Apostles of Decline Denial: America Cannot be in Decline Because we Haven’t Declined Before

Downtown Tokyo
If there is a cottage industry in America saying that America is in decline, there’s a booming Fortune 500 business denying denial

Case in point: the two book reviews on the front page of this Sunday’s the New York Times. Jonathan Rauch reviews Ed Luce’s new book “Time to Start Thinking” which Rauch quips should be called “Time to Start Drinking.” I have not yet read Ed’s book, but have it on order from Amazon. But from talking to Ed when he was writing and from reading Rauch’s review, it’s clear that Ed is painting a tough portrait of America’s declining economic competitiveness. But all one has to do it seems in response to any warning issued today is simply say “Japan” and smile in how clever one has been. The notion is that we raised the alarm about Japan in the 1980s and early 1990s and it all worked out fine. In reviewing Robert Kagan’s book, the reviewer cites Kagan showing that “declinism is as old as America itself.” (Interesting that both Kagan and Rauch are at the Brookings Institution, where, other than the folks in the Metropolitan Studies program, it seems that Brookings is committed to denying decline).

But by this logic, if we have not declined before and it was always been a “boy crying wolf phenomenon” than we can be assured we will never decline in the future. So sit back and don’t worry. We simply can’t decline. We’re America.

There’s another deeply flawed part of the denialists of decline logic. It’s that we didn’t decline in the past because of some inherent superiority of the American system. We didn’t do anything. In fact, in response to the challenge from Japan (and Germany) in the 1980s and 1990s, we were anything but lax: Congress and 3 presidential administrations took unprecedented steps to put in place policies to boost U.S. competitiveness. These included expanding NSF funding, passing legislation like Bayh-Dole, the Omnibus Trade and Competitiveness Act, the Collaborative R&D Act, the Stephenson Wydler Act; instituting the R&D tax credit; changes to the “prudent man” rule for pension funds that spurred venture capital expansion; pressing the Japanese on unfair trade practices in a range of industries and a host of other steps.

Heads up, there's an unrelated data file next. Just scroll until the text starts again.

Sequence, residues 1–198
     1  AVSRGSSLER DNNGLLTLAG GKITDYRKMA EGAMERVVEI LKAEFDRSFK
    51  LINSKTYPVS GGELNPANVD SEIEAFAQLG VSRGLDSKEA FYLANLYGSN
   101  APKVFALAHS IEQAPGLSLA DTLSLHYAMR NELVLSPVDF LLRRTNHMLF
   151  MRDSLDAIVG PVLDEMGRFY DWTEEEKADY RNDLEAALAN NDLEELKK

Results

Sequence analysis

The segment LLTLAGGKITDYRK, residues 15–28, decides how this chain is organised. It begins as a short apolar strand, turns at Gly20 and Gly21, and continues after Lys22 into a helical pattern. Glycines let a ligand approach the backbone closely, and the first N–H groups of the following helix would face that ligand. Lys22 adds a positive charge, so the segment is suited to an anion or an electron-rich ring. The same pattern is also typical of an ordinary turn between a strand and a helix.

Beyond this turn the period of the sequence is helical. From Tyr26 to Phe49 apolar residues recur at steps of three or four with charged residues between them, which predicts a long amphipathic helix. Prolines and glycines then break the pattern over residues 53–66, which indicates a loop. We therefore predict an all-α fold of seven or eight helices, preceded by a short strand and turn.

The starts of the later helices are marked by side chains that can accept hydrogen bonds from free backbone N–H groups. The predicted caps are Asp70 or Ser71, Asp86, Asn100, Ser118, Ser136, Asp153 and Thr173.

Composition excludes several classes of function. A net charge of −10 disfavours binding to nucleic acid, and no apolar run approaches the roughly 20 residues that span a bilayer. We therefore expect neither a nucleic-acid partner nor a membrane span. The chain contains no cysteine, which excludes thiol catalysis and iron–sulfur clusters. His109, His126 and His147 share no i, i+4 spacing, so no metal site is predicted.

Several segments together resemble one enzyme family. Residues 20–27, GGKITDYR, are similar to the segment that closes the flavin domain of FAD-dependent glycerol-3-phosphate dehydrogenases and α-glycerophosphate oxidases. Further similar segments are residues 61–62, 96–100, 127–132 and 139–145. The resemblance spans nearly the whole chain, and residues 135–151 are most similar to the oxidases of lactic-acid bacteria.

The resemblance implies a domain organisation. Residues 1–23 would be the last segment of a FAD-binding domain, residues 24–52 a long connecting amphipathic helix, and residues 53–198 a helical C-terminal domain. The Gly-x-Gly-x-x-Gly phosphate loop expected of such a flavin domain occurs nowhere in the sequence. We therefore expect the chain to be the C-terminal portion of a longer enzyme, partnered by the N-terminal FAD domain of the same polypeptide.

But don’t worry, no need to do any of this kind of stuff now. Remember and repeat after me, “America is the greatest and can’t decline, America is the greatest and can’t decline; America is the greatest and can’t decline.” Now don’t you feel better? And Ed Luce, stop writing this kind of stuff, it just depresses us.

Image from Flickr user Danny Choo

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About the author

Dr. Robert D. Atkinson is one of the country’s foremost thinkers on innovation economics. With has an extensive background in technology policy, he has conducted ground-breaking research projects on technology and innovation, is a valued adviser to state and national policy makers, and a popular speaker on innovation policy nationally and internationally. He is the author of "Innovation Economics: The Race for Global Advantage" (Yale, forthcoming) and "The Past and Future of America’s Economy: Long Waves of Innovation That Power Cycles of Growth" (Edward Elgar, 2005). Before coming to ITIF, Atkinson was Vice President of the Progressive Policy Institute and Director of PPI’s Technology & New Economy Project. Ars Technica listed Atkinson as one of 2009’s Tech Policy People to Watch. He has testified before a number of committees in Congress and has appeared in various media outlets including CNN, Fox News, MSNBC, NPR, and NBC Nightly News. He received his Ph.D. in City and Regional Planning from the University of North Carolina at Chapel Hill in 1989.